The fact of the matter is more US citizens have died in Iraq than from the original terrorist act. And it’s pretty clear now that war was gratuitous. How much more harm are we going to do to ourselves out fear of the terrorists?

  27. Living Off Dividends Says:

    land of the free my ass!

    I was often harrassed while flying domestically in the US. apparently my boarding pass always had SSSS printed on it which entitled to me extra-thorough searches.

    I filled out a form online on TSA’s website 2 years ago and then ended the misery. But I totally understand how you feel. If it wasn’t for my wife, I’d probably leave. Go someplace where you really have personal freedom – LIKE DUBAI!!!

  28. Warren Says:

    I haven’t been to the Moronic States since the constitution shredder stole it in 2000 and my life is better for it. Like I’m going to let some minimum wage processed food junkie with a grade 4 education determine my fate at an international crossing? There is absolutely nothing of value to be found in the USA. Nothing.

    Hurry up and start trading oil in Euros and let us flush that feeble clinging excuse for a currency, the US greenback, down the shitter for good.
    Even the Canadian dollar is kicking it’s ass for crissake.

  29. Mark Shuttleworth Nearly Strip-searche in US « Celoteh PakNik Says:

    […] More on the Ubuntu founder’s blog […]

  30. Ubuntu founder nearly strip-searched in US « Troubleshooting PC Problems Says:

    […] More details on the Ubuntu founder’s blog […]

  31. Lance Says:

    As a US citizen I sincerely apologize. Yes, our government is increasingly out of control. I’m not sure that my country is salvageable, but I cling to the hope that it is.

    If you ever find yourself in Colorado, please feel free to call on us- my wife and I. We’d be happy to have the opportunity to show you the hospitality we’d like our country to be known for, and perhaps we could have a good chat about your question of finding a new source of inspiration.

    All the best,

  32. Alan Carter Says:

    The part of the story that I don’t understand was, “… and we returned to the USA.”


  33. RJ Says:

    Sorry that happened to you, Mr. Shuttleworth. I don’t know much about you as a person, but if Ubuntu is any indicator, then you’re probably a pretty decent guy. Certainly not deserving of that kind of treatment by my people.

    With any luck, the US may yet wiggle itself out of this idiotic quagmire of brutish foreign policy and Soviet-era domestic security. I hope you won’t let this incident prevent future visits. Despite the obvious insanity at the gates, we really are glad to have you.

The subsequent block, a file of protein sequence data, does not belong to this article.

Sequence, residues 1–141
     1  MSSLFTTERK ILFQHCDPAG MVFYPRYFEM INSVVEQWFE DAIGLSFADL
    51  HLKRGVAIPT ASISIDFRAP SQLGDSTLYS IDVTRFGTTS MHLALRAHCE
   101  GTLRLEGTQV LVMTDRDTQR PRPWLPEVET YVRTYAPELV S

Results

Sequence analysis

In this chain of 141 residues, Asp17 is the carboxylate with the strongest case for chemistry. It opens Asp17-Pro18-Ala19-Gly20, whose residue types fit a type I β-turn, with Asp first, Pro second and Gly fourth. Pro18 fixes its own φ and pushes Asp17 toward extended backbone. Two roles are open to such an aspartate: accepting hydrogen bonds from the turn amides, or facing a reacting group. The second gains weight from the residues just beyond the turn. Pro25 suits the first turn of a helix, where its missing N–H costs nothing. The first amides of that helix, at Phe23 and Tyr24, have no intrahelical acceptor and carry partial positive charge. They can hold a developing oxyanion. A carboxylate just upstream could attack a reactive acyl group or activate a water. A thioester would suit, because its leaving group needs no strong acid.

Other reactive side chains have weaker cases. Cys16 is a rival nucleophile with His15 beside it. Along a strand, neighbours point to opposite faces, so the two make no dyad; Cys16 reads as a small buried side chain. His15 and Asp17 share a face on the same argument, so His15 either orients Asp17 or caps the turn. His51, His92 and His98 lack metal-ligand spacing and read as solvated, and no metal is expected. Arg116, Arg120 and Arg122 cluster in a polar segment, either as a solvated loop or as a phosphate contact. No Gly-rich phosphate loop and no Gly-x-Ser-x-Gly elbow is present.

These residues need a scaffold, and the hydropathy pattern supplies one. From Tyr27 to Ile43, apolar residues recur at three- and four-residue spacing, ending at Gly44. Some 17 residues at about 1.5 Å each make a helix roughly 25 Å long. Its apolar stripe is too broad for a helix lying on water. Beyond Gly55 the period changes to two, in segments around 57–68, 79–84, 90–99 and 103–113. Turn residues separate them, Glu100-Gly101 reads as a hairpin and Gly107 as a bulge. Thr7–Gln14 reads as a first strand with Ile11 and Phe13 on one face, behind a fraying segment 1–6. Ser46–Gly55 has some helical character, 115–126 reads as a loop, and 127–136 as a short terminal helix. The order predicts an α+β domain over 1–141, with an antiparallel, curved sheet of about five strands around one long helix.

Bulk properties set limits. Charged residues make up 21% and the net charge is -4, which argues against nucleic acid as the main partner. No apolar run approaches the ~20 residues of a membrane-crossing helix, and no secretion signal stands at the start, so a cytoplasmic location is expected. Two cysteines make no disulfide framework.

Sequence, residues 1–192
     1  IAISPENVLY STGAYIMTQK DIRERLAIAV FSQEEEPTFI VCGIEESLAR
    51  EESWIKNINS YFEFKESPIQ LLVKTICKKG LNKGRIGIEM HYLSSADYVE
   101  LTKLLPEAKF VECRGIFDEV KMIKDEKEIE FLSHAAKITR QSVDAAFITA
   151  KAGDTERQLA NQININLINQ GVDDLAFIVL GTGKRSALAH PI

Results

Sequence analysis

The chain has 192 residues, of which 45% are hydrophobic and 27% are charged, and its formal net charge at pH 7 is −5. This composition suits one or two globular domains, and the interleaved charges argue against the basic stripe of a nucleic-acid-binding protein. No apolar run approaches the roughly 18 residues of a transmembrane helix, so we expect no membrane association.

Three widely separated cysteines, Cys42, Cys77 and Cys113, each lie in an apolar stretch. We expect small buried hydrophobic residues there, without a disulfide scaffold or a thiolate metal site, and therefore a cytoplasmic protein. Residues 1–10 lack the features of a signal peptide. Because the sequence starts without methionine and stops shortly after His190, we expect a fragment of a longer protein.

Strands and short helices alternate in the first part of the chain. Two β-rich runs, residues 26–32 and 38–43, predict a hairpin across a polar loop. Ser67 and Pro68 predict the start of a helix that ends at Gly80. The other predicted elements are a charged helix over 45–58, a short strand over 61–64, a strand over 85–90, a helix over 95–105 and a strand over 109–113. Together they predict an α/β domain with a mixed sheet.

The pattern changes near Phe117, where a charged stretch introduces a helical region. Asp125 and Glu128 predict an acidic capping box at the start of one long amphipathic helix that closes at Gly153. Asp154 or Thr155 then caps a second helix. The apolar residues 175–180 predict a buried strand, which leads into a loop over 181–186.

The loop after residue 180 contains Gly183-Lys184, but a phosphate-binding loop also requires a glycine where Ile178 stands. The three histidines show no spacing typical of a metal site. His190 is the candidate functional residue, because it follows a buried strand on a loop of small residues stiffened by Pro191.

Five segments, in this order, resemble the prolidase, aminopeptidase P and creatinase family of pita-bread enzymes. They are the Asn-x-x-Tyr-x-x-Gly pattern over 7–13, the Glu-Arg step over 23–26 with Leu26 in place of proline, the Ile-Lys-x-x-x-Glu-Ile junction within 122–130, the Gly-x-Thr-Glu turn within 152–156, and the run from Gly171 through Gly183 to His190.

Thanks for Ubuntu. 🙂

  34. Anon Y Mous Says:

    I’m very sorry about your hassles, Mark. Reading some of the comments above, I’m very sorry for America.

    Do note that I’m posting anonymously… as a green card holder, I’m worried about opening my mouth. I’ve led an exemplary life in the US over the last 25 years — literally not one brush with the police, not even a moving violation — but I perceive that I could lose my ability to live here and everything I’ve worked for in a few minutes simply by politely criticizing the government.

    I see a lot of posters above are happy that honest people live in fear of America’s new army of secret police and torturers. Where did all these psychopaths come from?

  35. Jack Jebedee Says:

    Hey, do you want to buy a Constitution cheap? It was written by some mighty smart fellows, did a whole lot of good for more than 200 years and we’re not using it any more.

  36. ilya Says:

    My aunt has multi visa (10 years visa for visitors). She came from Estonia to Miami last week second time this year. Well, they kept her 3 hours in a small room questioning. This is ridiculous. She is 60 years old. This is not the way people should treat each other.

  37. Chaos Motor Says:

    If we didn’t do everything we possibly can to ensure that everyone on Earth hates us now, we wouldn’t have to worry about terrorists. This is a problem WE created.

  38. Graham Says:

    Sorry America has turned to such shit, many of us are trying to stop it but the majority always seems to be many steps behind, I hope that eventually Americaw will once again be home of the (relatively) free, but for now all I can do is talk and take action where I can, sorry again.

  39. fp Says:

    hey Mark,

    i’m a fellow south african, without the benefit of an english passport – so on my 2 visits to the US i had to get visas via the US consolate in Cape Town.
    the first time i travelled on my own and only managed to get a single entry visa. – that turned out to be a curse as i was delayed and interrogated at each american airport. i was “randomly” picked each time for body and hand luggage searches. notibly i was detained on JFK for 6 hours trying to convince officer O’Neil that Hartford, Connecticut (where i was heading) actually exists. (i think he finally opened google and did a quick search).

    subsequently my wife and i went for a quick trip to the US. we had to get new visas (this time we managed to get 10 year multiple entry ones).